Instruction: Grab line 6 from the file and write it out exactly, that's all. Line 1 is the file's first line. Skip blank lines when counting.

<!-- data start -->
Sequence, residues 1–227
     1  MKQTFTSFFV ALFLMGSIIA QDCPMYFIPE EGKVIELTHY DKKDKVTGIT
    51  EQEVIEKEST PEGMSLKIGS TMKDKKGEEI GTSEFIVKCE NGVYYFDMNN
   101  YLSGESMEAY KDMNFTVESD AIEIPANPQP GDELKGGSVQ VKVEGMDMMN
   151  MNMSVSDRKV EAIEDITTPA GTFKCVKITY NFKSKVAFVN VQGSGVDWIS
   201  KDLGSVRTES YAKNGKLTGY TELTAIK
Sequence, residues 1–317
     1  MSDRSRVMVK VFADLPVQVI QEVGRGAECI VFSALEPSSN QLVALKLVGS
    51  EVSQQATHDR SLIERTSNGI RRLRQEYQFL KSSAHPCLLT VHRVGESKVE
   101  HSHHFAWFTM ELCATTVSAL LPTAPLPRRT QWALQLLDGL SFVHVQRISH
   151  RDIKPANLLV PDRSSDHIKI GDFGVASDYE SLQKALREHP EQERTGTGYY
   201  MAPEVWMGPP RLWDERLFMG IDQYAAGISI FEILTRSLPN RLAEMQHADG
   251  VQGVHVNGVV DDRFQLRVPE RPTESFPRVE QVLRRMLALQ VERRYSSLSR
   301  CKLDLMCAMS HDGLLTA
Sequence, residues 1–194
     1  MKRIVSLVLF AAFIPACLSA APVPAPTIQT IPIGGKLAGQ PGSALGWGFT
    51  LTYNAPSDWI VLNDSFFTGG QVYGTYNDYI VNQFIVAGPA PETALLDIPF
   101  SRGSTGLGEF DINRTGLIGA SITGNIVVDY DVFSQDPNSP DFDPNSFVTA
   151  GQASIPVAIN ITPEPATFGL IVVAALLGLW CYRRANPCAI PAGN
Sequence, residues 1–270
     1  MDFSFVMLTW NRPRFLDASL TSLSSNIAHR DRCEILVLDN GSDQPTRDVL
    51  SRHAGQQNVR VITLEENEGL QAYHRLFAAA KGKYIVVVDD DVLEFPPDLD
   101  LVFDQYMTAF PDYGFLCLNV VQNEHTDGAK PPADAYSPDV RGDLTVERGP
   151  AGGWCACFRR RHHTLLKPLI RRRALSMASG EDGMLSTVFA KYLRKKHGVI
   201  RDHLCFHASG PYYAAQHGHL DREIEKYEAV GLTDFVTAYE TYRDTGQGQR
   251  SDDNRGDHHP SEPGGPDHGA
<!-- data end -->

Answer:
   201  KDLGSVRTES YAKNGKLTGY TELTAIK